Australian central bank leaves rates on hold
SYDNEY (AFP) – Australia’s central bank kept interest rates steady at 3.00 per cent Tuesday, saying downside risks in the global economy appeared to have eased while there were signs previous cuts were working.
At its monthly meeting in Sydney, the Reserve Bank of Australia (RBA) decided to keep its cash rate where it has been since December, an historic low last reached in 2009 in the wake of the global financial crisis.
A year ago the RBA’s cash rate was 4.25 per cent and RBA governor Glenn Stevens acknowledged there had been a significant easing in monetary policy for the mining driven economy during 2012.
“Though the full impact of this will still take more time to become apparent, there are signs that the easier conditions are having some of the expected effects,” he said.
Analysts had widely expected the RBA to keep interest rates on hold, with Stevens saying most indicators suggested that growth in Australia was close to trend over 2012, led by large increases in capital spending in resources. In a sign of hope for consumer sentiment, retail spending also rose a seasonally adjusted 0.9 per cent in January, according to figures released Tuesday, reversing months of decline.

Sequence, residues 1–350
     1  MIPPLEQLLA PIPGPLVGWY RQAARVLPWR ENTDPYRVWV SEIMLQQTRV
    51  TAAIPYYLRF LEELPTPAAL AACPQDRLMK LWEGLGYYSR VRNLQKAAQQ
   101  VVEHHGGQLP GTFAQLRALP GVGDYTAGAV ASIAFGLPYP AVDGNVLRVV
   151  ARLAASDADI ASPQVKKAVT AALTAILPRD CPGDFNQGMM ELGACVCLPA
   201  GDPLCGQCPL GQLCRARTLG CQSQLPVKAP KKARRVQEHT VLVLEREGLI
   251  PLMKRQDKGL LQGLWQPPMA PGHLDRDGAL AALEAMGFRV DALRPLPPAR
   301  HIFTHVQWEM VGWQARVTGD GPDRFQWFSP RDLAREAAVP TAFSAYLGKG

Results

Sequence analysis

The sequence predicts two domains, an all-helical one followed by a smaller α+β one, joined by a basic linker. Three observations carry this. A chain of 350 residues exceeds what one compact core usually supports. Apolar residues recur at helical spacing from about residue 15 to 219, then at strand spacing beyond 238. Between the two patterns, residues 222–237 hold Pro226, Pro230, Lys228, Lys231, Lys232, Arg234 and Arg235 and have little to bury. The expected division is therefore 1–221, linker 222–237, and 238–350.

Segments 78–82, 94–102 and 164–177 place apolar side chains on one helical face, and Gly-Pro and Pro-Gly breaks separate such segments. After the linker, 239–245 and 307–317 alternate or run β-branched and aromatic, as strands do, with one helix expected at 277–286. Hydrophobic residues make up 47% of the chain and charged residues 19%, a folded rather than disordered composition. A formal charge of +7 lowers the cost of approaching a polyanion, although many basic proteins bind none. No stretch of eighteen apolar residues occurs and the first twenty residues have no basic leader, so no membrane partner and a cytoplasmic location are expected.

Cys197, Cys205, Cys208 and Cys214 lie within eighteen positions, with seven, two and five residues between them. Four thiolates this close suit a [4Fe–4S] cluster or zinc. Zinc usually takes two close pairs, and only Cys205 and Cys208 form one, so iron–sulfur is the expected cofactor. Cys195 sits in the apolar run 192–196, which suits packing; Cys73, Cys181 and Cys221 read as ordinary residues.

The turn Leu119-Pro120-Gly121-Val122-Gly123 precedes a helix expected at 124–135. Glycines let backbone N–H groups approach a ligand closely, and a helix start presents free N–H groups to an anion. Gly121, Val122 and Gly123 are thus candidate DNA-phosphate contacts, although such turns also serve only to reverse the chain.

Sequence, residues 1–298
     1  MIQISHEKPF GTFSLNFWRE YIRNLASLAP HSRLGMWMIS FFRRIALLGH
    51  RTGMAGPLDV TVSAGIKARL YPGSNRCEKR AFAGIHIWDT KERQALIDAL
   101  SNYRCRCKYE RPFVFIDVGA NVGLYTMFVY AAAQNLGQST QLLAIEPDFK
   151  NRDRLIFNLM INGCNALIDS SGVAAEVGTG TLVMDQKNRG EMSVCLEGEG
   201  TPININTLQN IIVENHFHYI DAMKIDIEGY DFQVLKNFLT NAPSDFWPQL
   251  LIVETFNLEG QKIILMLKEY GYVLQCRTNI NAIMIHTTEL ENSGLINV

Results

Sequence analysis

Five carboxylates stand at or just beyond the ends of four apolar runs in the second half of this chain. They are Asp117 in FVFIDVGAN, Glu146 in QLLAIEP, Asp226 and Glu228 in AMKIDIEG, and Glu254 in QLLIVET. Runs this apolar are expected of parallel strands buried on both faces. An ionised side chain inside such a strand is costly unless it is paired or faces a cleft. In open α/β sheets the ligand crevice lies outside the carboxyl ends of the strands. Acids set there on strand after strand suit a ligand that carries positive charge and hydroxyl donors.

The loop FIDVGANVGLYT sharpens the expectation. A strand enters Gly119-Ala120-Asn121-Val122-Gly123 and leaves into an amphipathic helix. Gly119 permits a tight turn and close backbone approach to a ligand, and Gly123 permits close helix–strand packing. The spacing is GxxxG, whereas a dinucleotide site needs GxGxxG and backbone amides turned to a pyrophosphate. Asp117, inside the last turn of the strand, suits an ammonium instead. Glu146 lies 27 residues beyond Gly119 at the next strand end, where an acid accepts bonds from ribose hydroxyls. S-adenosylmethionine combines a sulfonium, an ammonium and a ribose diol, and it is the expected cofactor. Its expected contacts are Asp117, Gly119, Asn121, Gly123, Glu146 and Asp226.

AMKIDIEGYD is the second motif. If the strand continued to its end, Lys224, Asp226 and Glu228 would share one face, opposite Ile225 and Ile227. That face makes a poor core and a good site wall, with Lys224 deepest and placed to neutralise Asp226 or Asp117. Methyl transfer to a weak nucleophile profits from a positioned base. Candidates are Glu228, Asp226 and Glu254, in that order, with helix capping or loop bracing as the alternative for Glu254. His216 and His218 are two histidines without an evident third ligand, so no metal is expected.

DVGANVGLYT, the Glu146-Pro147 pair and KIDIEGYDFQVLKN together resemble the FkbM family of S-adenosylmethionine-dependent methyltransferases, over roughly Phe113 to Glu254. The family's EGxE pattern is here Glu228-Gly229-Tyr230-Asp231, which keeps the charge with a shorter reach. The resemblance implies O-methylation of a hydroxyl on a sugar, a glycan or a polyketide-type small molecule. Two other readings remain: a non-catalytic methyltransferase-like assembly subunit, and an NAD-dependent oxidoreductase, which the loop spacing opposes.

“Present indications are that moderate growth in private consumption spending is occurring, though a return to the very strong growth of some years ago is unlikely,” Stevens observed.
Non-mining investment could also increase modestly over the year, he said. But noting that a mining investment slowdown was imminent, Stevens left the door open to further cuts in the bank’s cash rate which was reduced by 25 basis points in December, the last of four cuts totalling 125 basis points in 2012.
“Looking ahead, the peak in resource investment is approaching. As it does, there will be more scope for some other areas of demand to strengthen,” he said.
Stevens said while inflation was now about 2.25 per cent and within the RBA’s 2.0-3.0 per cent target, with growth “likely to be a little below trend over the coming year, an accommodative stance of monetary policy is appropriate”.
“The inflation outlook, as assessed at present, would afford scope to ease policy further, should that be necessary to support demand,” he added.